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  1. Abstract An intermediate-depth (1751 m) ice core was drilled at the South Pole between 2014 and 2016 using the newly designed US Intermediate Depth Drill. The South Pole ice core is the highest-resolution interior East Antarctic ice core record that extends into the glacial period. The methods used at the South Pole to handle and log the drilled ice, the procedures used to safely retrograde the ice back to the National Science Foundation Ice Core Facility (NSF-ICF), and the methods used to process and sample the ice at the NSF-ICF are described. The South Pole ice core exhibited minimal brittlemore »ice, which was likely due to site characteristics and, to a lesser extent, to drill technology and core handling procedures.« less
  2. Abstract

    A large volcanic sulfate increase observed in ice core records around 1450 C.E. has been attributed in previous studies to a volcanic eruption from the submarine Kuwae caldera in Vanuatu. Both EPMA–WDS (electron microprobe analysis using a wavelength dispersive spectrometer) and SEM–EDS (scanning electron microscopy analysis using an energy dispersive spectrometer) analyses of five microscopic volcanic ash (cryptotephra) particles extracted from the ice interval associated with a rise in sulfate ca. 1458 C.E. in the South Pole ice core (SPICEcore) indicate that the tephra deposits are chemically distinct from those erupted from the Kuwae caldera. Recognizing that the sulfate peak ismore »not associated with the Kuwae volcano, and likely not a large stratospheric tropical eruption, requires revision of the stratospheric sulfate injection mass that is used for parameterization of paleoclimate models. Future work is needed to confirm that a volcanic eruption from Mt. Reclus is one of the possible sources of the 1458 C.E. sulfate anomaly in Antarctic ice cores.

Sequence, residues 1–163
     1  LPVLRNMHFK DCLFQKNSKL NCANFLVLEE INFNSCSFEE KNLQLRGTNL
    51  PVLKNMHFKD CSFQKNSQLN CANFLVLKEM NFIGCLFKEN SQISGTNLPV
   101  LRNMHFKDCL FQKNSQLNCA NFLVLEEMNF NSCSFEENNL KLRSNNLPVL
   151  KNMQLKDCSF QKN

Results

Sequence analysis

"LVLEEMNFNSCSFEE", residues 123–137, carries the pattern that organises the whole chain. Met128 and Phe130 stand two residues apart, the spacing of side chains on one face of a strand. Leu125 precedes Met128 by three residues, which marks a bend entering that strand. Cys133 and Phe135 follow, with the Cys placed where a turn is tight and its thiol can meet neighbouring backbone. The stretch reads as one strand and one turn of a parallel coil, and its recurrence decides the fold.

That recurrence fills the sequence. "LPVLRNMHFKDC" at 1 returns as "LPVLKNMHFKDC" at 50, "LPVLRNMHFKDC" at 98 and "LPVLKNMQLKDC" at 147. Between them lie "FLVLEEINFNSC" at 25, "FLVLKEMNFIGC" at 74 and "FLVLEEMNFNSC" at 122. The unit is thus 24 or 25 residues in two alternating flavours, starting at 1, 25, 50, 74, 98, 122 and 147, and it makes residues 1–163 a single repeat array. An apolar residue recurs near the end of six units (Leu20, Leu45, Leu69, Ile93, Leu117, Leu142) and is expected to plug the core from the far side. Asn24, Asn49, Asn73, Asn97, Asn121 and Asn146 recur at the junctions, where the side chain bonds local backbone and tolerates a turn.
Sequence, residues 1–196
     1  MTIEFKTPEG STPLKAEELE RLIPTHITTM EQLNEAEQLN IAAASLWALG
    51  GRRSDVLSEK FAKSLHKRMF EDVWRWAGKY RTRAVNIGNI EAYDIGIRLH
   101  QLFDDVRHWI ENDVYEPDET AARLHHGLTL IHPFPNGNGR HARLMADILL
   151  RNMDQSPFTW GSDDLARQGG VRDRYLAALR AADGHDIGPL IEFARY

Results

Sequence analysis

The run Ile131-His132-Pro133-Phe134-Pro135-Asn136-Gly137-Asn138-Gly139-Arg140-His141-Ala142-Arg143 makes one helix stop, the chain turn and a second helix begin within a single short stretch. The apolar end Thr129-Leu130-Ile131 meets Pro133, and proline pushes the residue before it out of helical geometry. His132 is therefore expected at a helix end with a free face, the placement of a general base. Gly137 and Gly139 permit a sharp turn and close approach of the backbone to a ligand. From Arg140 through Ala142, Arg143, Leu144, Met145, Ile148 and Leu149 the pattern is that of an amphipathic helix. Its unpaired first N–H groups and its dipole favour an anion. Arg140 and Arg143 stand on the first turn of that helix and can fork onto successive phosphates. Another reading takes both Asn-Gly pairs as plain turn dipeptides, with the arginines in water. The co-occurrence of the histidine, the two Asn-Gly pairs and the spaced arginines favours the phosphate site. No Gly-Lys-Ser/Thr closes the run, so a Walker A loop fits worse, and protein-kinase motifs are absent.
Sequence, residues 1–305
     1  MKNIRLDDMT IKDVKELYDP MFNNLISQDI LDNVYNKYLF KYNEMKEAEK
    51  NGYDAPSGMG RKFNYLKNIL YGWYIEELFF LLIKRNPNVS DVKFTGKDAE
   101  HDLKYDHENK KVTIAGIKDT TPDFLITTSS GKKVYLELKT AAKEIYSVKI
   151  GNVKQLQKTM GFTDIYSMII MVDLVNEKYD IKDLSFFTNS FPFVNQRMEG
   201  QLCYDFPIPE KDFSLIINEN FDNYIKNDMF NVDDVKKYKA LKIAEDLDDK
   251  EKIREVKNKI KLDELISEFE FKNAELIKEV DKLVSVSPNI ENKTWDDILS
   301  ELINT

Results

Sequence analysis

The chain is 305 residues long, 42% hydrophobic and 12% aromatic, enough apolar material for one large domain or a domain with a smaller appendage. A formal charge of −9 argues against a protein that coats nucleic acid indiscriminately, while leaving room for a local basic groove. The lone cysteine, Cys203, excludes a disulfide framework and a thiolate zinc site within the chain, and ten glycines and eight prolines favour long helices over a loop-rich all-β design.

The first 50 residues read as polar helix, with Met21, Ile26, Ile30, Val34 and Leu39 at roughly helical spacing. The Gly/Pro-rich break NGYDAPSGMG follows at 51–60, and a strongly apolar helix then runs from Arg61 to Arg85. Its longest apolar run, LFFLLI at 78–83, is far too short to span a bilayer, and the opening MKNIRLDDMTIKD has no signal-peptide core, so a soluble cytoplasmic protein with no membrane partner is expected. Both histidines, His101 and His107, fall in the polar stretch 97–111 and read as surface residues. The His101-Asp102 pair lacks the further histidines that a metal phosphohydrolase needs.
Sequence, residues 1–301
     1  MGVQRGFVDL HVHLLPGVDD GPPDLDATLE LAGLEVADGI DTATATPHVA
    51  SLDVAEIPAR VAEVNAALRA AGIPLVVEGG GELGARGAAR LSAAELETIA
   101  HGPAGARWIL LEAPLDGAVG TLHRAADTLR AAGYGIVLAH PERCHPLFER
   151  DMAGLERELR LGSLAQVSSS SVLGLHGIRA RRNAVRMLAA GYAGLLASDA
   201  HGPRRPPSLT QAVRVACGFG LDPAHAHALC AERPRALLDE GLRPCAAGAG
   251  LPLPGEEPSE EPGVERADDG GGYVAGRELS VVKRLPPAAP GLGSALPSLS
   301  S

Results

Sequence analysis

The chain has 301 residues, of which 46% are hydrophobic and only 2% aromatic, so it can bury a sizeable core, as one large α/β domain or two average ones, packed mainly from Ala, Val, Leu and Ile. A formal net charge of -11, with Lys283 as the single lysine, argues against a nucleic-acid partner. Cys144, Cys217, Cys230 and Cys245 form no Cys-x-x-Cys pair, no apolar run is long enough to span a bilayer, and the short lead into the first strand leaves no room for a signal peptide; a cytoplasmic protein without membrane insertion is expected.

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  3. Water-stable isotopes in polar ice cores are a widely used temperature proxy in paleoclimate reconstruction, yet calibration remains challenging in East Antarctica. Here, we reconstruct the magnitude and spatial pattern of Last Glacial Maximum surface cooling in Antarctica using borehole thermometry and firn properties in seven ice cores. West Antarctic sites cooled ~10°C relative to the preindustrial period. East Antarctic sites show a range from ~4° to ~7°C cooling, which is consistent with the results of global climate models when the effects of topographic changes indicated with ice core air-content data are included, but less than those indicated with themore »use of water-stable isotopes calibrated against modern spatial gradients. An altered Antarctic temperature inversion during the glacial reconciles our estimates with water-isotope observations.

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    Free, publicly-accessible full text available June 4, 2022